The findings will also be presented to environment minister and experts attending the 8th Special Session of UNEP's Governing Council and 5th Global Ministerial Environment Forum taking place in Jeju, South Korea, in late March where water will be high on the agenda.

The unique conditions found in cloud forests make them ideal breeding grounds for special species often found nowhere else in the world. Species found there include the endangered spectacted bear, the mountain gorillas of Africa and the Resplendent Quetzal, a colorful bird which is the national symbol of Guatemala.

The huge concentration of unique, endemic species is underscored by the Andean cloud forests. In Peru, over 30 per cent of the 272 species of endemic mammals, birds and frogs are found in cloud forests.

Even tiny pockets of cloud forest can harbour an extraordinary variety of life forms. For example, the Centinella Ridge in Western Ecuador has about 90 endemic plant species in a forest area of just 20 square kilometers.

New species are often being discovered in cloud forests. In the 1990s the Jocotoco Antipitta, a bird, was found in about 5,000 hectares of Ecuadorian cloud forest, as was the Scarlet-banded Barbet. It was discovered in cloud forest near the headwaters of the Rio Cushabatay, Peru.

A new genus of the cow family and two new species of barking deer were discovered in the Annamite cloud forests of Laos and Vietnam as recently as 1996.

Cloud forests are the natural habitats of the wild relatives of important crops and therefore important gene pools for crop improvements.

Recent studies have found wild living relatives of papaya, the tomato, tree tomato, passion fruit, avocado, beans, blackberry, cucumber, potato and peppers in cloud forests.

The report identifies nearly a dozen major threats to cloud forests including clearance for farming and grazing land and habitat fragmentation. Indeed, loss of habitat has been a particular problem for the spectacled bear in the Andes. Deforestation has affected migration routes and there have been conflicts with farmers where bears have been eating new crops. Wildlife corridors in cloud forests are essential if man and bear are to co-exist.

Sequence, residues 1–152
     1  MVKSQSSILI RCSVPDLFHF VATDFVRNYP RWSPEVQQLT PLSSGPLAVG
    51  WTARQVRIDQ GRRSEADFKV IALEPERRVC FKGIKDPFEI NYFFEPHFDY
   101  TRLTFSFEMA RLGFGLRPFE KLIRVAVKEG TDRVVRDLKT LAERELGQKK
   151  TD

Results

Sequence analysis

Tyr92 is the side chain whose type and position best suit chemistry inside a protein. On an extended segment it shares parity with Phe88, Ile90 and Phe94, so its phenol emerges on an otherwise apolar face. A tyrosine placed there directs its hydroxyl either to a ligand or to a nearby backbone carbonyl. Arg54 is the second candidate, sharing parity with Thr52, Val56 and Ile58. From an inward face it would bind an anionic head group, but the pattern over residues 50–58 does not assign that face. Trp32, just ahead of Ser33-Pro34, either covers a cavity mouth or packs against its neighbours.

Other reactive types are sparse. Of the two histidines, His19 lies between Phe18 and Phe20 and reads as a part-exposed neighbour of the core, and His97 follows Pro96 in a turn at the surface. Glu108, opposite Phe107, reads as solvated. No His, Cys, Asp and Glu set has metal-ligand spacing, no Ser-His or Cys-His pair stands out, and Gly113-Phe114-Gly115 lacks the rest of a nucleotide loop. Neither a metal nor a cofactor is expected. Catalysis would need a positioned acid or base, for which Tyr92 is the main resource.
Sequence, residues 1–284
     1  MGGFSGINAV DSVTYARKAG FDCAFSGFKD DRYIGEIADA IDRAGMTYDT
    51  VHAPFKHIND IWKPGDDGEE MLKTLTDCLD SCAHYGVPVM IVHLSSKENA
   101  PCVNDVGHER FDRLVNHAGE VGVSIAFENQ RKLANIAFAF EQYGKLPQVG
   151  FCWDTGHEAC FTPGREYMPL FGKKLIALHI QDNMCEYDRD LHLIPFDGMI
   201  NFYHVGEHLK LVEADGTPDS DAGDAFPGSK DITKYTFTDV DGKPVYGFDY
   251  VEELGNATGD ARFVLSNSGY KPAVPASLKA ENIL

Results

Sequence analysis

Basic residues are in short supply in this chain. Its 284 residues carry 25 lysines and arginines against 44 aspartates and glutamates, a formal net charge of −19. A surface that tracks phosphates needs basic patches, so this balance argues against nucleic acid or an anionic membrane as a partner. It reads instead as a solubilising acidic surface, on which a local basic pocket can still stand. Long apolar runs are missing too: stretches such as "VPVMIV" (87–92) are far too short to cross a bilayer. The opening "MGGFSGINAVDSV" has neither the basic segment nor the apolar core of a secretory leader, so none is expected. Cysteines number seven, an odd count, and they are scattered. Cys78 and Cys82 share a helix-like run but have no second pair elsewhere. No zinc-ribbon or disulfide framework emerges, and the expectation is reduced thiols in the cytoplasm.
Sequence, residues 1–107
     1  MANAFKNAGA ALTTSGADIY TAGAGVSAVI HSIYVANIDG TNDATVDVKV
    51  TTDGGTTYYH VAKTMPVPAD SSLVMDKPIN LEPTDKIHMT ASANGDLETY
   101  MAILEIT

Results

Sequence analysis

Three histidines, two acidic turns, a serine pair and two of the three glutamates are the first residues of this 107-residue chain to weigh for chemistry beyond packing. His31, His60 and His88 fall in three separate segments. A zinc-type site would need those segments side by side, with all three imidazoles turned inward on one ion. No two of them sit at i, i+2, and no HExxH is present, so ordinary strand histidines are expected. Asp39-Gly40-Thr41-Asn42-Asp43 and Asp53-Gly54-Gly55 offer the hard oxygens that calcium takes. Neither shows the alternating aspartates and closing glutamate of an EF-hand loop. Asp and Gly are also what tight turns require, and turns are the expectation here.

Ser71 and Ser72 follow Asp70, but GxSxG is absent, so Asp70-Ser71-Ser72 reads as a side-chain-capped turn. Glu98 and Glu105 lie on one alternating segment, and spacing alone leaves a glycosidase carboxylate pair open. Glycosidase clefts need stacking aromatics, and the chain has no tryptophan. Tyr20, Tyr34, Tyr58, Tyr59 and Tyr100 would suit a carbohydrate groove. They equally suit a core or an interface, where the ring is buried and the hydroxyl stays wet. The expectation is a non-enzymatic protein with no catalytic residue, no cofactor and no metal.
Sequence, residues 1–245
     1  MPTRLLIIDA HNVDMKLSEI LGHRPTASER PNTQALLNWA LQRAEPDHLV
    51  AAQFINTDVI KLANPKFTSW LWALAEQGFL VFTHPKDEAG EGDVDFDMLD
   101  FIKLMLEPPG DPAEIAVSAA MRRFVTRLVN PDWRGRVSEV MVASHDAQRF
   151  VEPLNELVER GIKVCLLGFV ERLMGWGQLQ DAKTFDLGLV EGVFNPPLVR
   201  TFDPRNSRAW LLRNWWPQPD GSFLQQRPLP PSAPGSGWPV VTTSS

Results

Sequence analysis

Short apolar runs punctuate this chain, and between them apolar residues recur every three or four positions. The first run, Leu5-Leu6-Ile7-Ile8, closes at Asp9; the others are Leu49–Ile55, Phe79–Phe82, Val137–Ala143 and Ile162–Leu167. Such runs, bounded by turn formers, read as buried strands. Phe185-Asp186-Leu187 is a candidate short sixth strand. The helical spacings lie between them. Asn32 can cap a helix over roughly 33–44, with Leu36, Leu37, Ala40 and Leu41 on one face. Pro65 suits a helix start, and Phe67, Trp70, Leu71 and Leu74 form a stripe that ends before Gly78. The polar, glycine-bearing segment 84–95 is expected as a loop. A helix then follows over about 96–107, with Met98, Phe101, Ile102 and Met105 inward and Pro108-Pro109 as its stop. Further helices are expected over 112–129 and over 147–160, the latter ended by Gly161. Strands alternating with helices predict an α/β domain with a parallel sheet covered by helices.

In Africa, 10 out of 15 countries questioned said poaching and hunting of animals such as great apes was a key threat. Fires were also highlighted as a key problem in African countries.

Seven out of ten Asian countries, including Indonesia, Malaysia and the Philippines, mentioned timber extraction and logging as an issue, with seven African and four Asian nations citing collection for fuelwood and charcoal production as a possible threat.

Road construction was cited as a threat in six Latin American countries. Studies in Puerto Rico indicate that cloud forest soils can take up to 300 years to recover from such construction. Road and tourists developments, including golf courses, are threatening forests in Southeast Asia, in Malaysia's Genting and Cameron Highlands and Sabah's Mount Kinabalu.

Clearance of cloud forests for either illegal opium or coca leaf is reported in Colombia, Bolivia, Peru and Venezuela. Introduction of alien species can also be an issue. Cloud forests in Jamaica are threatened by an introduced Australian tree, and feral pigs in Hawaiian cloud forests have led to plant and bird extinctions.

Some countries are now implementing innovative schemes to save cloud forests. Costa Rica, for example, under its 1996 Forest Law, pays landowners who conserve or re-establish forests. Hydro-electric companies also pay up to US$40 a hectare a year to landowners with cloud forests in recognition of their role in maintaining water supplies.

Cloud forest tourism can also be a valuable source of income for local people and thus a reason to conserve these habitats. The report cites schemes in Africa, including trips to see the mountain gorillas in the cloud forests of the Democratic Republic of the Congo, and others schemes in Asia and Latin America.